This is the headline that so many readers have been asking about in recent weeks…
“URGENT: If you missed America’s ‘pot stock mania,’ here’s your second chance to become a marijuana millionaire. This 58¢ pot stock is set to soar on October 31, 2017, when Canada votes to legalize marijuana for the entire country.”
That’s to get your attention, of course, and to try to convince you to subscribe by the “deadline” of October 31 so you can learn about this secret pot stock — the ad letter is signed by Justin Spittler, selling subscriptions to Casey’s Crisis Investing and a set of marijuana stock recommendations that are presumably coming from the mind of Nick Giambruno, who helms that newsletter.
The bill to legalize recreational marijuana across Canada is indeed in the legislature, after having been loudly proclaimed as a priority of Trudeau’s Liberal government over the past six months, and the generalities seem to have strong public approval… though no one is really sure what will happen when it comes to the specifics as the bill (C-45) makes it through the legislature.
And it seems likely that this bill’s progress is what the teaser pitch “deadline” is attached to — promising that as the formalities are passed, the market will change… though the government has already been pretty open about promising that full recreational legalization is targeted for July of 2018. Presumably it’s still possible to derail or change that legislation in some way (it’s already been delayed beyond what folks had expected earlier this year), and certainly not every legislator approves of the plan, but passage of the detailed law and release of the regulations over the next few months, and a July 2018 deadline for legalization, seems to be the consensus bet.
The bill has been passed by House committee, though not yet voted on by the House of Commons, and after presumed approval in the House (where the liberal party has a strong majority) it will pass on to the Senate, Canada’s rough equivalent to the UK’s House of Lords, which is more independent and could have different priorities (though the Senate is likely less conservative than it was a couple years ago, thanks to a rash of new appointments — in Canada, Senators are appointed as regional representatives, not elected, and effectively serve for life… with a majority of recently-appointed senators being at least nominally non-partisan).
So that’s a long-winded way of saying it’s possible that there will be some votes soon, though not likely tomorrow. The House of Commons is in session for much of the rest of the year, other than a couple holiday breaks, so it could come up for a vote or a third reading at just about any time… though it’s not currently scheduled as far as I can tell.
But, perhaps more importantly, there doesn’t seem to be that much room for a positive catalyst — everyone expects approval, every marijuana speculator is pretty much banking on July 2018 as the day the market opens for legal recreational marijuana, at least to some degree, and that any legislative issues would bring relatively minor delays, not threaten legalization itself.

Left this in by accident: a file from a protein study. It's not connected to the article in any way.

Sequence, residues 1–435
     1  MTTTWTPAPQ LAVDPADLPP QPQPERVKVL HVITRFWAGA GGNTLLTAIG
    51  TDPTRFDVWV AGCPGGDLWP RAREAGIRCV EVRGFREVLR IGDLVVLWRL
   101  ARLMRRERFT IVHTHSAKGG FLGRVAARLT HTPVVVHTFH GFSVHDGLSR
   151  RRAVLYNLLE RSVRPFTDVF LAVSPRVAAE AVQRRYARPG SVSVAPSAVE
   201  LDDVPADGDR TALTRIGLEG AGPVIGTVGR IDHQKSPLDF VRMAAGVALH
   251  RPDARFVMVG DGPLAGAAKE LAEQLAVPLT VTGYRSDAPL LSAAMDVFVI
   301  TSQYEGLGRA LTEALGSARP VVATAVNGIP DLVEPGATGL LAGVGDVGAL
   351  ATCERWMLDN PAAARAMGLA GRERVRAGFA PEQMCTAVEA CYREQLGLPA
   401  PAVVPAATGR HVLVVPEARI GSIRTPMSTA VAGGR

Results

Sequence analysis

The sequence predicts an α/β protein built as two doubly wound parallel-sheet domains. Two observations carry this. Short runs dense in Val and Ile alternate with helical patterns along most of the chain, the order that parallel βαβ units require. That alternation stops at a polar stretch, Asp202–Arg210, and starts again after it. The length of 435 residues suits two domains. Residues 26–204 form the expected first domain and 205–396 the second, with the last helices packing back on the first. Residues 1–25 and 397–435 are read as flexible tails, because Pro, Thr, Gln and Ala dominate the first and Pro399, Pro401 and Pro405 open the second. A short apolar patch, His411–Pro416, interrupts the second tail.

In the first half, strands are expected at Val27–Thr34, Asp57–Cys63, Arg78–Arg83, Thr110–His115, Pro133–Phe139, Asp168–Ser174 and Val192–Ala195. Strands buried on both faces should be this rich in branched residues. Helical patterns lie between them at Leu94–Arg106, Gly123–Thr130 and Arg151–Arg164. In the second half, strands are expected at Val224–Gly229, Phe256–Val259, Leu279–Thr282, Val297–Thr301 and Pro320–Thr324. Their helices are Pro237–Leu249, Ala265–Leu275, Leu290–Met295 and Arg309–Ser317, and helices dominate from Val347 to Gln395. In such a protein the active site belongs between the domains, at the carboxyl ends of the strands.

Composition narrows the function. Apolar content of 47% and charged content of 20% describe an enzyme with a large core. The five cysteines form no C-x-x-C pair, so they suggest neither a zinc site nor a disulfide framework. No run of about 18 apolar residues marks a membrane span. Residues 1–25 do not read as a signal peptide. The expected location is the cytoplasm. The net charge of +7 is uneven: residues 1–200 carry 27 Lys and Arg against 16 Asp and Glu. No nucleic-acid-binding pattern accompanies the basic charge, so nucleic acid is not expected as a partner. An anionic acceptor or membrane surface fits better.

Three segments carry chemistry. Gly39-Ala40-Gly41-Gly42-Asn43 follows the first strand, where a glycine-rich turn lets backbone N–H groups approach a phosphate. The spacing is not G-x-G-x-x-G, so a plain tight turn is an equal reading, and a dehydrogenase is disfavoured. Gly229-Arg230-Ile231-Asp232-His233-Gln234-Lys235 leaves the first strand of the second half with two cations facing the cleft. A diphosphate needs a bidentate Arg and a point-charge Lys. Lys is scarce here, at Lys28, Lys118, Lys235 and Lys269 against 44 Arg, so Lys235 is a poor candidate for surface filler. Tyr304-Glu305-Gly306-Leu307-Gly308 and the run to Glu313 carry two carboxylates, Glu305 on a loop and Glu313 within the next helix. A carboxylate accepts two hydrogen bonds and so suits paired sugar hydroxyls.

If everyone is expecting legalization to happen, then a formal bill being approved probably does not change the calculus for investors in companies that they believe will be beneficiaries of recreational marijuana legalization. If it gets pushed out another six months or a year, as some police officials want, or hits other hiccups or includes a different regulatory framework than is expected, there could certainly be a negative catalyst for these stocks… but it’s hard to imagine that current leading Canadian marijuana stocks are priced for anything other than “full recreational use in the near future.”
To further reinforce that point, the Canadian marijuana businesses themselves are continuing to become more mainstream — the biggest grower and distributor of medical marijuana, and the closest thing to a “name brand” in Canadian pot, Canopy Growth, just sold 10% of itself to the giant alcohol multinational Constellation Brands (STZ), so there’s further indication of how much legalization is “baked in.” The distributor of Corona, Manischevitz and Robert Mondavi isn’t betting the farm on marijuana (their investment equals roughly a month worth of profits from their current businesses), but neither is it doing this on a lark, they’re putting up a meaningful $191 million for their stake… mostly, it seems, with the intention of putting themselves in position to provide and distribute marijuana-powered beverages or similar products in a legalized future.
So optimism is high for all the Canadian marijuana stocks right now, with a widespread assumption that legalization comes next summer, and that “supplies w